Thomas C. Bruice Group

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PAST ACCOMPLISHMENTS of the laboratory are described in over 530 research papers. For historical reasons and convenience these papers are listed both by the dates of publication and by the research topic (see papers). Through the years, studies have been carried out in thirty two discernable areas related to biochemical problems. Professor Bruice invented the term BIOORGANIC CHEMISTRY and defined the field. Significant advances have been made in this laboratory in the elucidation of the catalytic processes in acyl and phosphate transfer reactions, the mechanisms of cofactor reactions (pyridoxal, flavins, lipoic acid, dihydronicotinimides) and metalloporphyrin chemistry.

RECENT AREAS of investigation include the design, synthesis and study of putative antisense and antigene agents as well as the use of computational methods in the study of reaction mechanisms and in particular enzyme catalysis and drug design.

DNA and RNA Binding Agents


CATIONIC ANALOGS OF DNA. An area of research under study in this lab is the creation of oligonucleoside analogues. Oligonucleoside analogues capable of arresting cellular processes at the translational and transcriptional levels via recognition and binding to complementary RNA or DNA are known, as antisense and antigene agents, respectively. Solid-Phase synthesis of cationic analogues of DNA and RNA have been pioneered in this lab. Oligmers with the phosphate linkages replaced with guanidine (DNG/RNG) or S-methylthiourea (DNmt) have been created. The guanidium linkage is resistant to nucleases and the positive charges of the backbone may give rise to cell membrane permeability through electrostatic attraction of the oligonucleoside to the negatively charged phosphate groups of the cell surface. Both DNG and DNmt are able to discriminate between their complementary strands and noncomplementary base-pairs.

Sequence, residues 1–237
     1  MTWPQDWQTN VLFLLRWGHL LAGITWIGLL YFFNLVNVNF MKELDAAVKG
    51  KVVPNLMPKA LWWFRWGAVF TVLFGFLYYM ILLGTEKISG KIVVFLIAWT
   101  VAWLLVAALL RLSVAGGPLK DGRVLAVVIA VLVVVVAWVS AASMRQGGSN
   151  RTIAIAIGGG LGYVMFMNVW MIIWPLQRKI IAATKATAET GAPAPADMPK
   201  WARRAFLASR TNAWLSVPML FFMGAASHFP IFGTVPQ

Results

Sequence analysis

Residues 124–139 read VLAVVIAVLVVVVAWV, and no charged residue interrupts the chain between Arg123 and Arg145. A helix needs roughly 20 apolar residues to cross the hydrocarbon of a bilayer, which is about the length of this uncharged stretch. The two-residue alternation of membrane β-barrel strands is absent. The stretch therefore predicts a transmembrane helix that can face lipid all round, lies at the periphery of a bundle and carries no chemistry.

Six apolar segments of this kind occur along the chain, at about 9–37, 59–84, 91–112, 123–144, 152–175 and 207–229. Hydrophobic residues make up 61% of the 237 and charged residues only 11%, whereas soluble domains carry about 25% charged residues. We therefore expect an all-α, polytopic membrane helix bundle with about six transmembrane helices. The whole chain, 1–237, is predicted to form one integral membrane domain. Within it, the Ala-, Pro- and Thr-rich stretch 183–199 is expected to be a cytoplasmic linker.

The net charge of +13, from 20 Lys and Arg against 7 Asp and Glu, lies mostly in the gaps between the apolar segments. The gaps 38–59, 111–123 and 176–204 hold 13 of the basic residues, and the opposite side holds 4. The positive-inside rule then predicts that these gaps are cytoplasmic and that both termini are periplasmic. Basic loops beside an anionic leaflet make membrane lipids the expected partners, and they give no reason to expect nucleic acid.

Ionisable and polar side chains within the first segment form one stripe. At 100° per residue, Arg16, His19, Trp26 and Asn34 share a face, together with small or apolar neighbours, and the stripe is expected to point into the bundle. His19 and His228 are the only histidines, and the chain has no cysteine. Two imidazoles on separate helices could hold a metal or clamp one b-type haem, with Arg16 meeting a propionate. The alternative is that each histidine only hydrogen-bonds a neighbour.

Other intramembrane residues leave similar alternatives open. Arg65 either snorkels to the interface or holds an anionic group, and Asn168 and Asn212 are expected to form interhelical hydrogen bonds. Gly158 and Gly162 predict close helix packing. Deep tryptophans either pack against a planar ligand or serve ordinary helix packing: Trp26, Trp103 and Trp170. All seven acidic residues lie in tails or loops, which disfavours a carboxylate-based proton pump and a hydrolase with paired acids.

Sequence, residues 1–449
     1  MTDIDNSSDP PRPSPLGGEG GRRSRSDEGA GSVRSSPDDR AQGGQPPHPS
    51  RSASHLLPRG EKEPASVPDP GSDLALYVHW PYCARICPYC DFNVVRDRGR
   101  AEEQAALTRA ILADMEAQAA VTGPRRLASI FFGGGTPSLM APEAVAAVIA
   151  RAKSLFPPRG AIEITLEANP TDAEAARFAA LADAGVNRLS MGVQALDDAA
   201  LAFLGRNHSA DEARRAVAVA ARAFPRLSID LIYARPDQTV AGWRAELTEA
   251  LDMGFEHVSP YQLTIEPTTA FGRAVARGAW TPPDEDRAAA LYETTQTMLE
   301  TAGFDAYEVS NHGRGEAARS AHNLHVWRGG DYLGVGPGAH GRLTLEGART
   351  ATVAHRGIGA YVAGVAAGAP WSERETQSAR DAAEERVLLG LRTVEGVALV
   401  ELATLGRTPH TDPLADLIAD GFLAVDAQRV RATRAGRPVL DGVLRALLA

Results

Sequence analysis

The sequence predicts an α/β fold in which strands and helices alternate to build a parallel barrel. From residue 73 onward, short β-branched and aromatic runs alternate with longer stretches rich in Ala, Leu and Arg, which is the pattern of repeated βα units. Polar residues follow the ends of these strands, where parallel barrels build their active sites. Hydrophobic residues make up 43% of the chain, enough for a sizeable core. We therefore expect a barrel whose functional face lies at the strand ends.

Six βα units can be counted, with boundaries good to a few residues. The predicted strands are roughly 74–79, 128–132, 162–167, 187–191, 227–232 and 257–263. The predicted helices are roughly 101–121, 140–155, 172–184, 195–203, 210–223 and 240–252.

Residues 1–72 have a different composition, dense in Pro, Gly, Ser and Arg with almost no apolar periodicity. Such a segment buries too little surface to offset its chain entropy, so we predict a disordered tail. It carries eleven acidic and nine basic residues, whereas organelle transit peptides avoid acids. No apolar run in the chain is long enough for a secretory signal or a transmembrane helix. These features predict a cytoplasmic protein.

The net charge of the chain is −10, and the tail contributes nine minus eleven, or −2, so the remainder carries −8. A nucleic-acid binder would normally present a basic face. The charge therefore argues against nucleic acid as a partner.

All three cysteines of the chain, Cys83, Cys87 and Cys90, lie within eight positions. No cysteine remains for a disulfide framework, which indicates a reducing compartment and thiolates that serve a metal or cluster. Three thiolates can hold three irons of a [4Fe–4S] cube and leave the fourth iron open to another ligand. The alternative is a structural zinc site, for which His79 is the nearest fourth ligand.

Representative Publications:

479. Linkletter, B. A.; Szabo, I. E.; Bruice, T. C.. Solid-phase synthesis of deoxynucleic guanidine (DNG) oligomers and melting point and circular dichroism analysis of binding fidelity of octameric thymidyl oligomers with DNA oligomers. J. Am. Chem. Soc. 1999, 121, 3888–3896. PDF

499. Barakar, D. A.; Kwok; Y.; Bruice, T. W. and Bruice, T. C.. Deoxynucleic Guanidine/Peptide Nucleic Acid Chimeras: Synthesis, Binding and Invasion Studies with DNA. J. Am. Chem Soc. 2000, 122, 5244. PDF

512. Challa, H. & Bruice, T. C.. Incorporation of positively charged deoxynucleic S-methylthiourea linkages into oligonucleotides: Synthesis and characterization of DNmt/DNA chimera. Bioorg. Med. Chem. Lett. 2001, 11, 2423-2427. PDF

517. Kojima, N.; Szabo, I. E. & Bruice, T. C.. Synthesis of ribonucleic guanidine: Replacement of the negative phosphodiester linkages of RNA with positive guanidinium linkages. Tetrahedron 2002, 58, 867-879. PDF

Microgonotropens (MGTs) are a novel class of minor groove binding ligands that consists of an A+T selective DNA minor groove binding tripyrrole peptide and polyamine chains attached to the central pyrrole that extend drug contact into the DNA major groove. Interaction of the MGTs polyamine moiety with the phosphate backbone leads to extremely tight binding and results in bending of DNA. MGTs are extraordinary effective inhibitors of the associtation of the transcription factors E2 factor 1 to its DNA promotor element. Our goal is to design a new class of MGTs to further investigate the structure-activity relationship between DNA binding strengths, transcription factor inhibition, and phophate backbone interaction. We have designed a minor groove binding vehicle that can readily functionalized and is based upon the widely used DNA fluorophore Hoeshst 33258, which is known to bind A+T rich sequences of dsDNA.

Representative Publications:

489. Satz, A. L.; Bruice, T. C.. Synthesis of fluorescent microgonotropen (FMGT–1) and its interactions with the dodecamer d(CCGGAATTCCGG). Bioorg. Med. Chem. Lett. 1999, 9, 3261–3266. PDF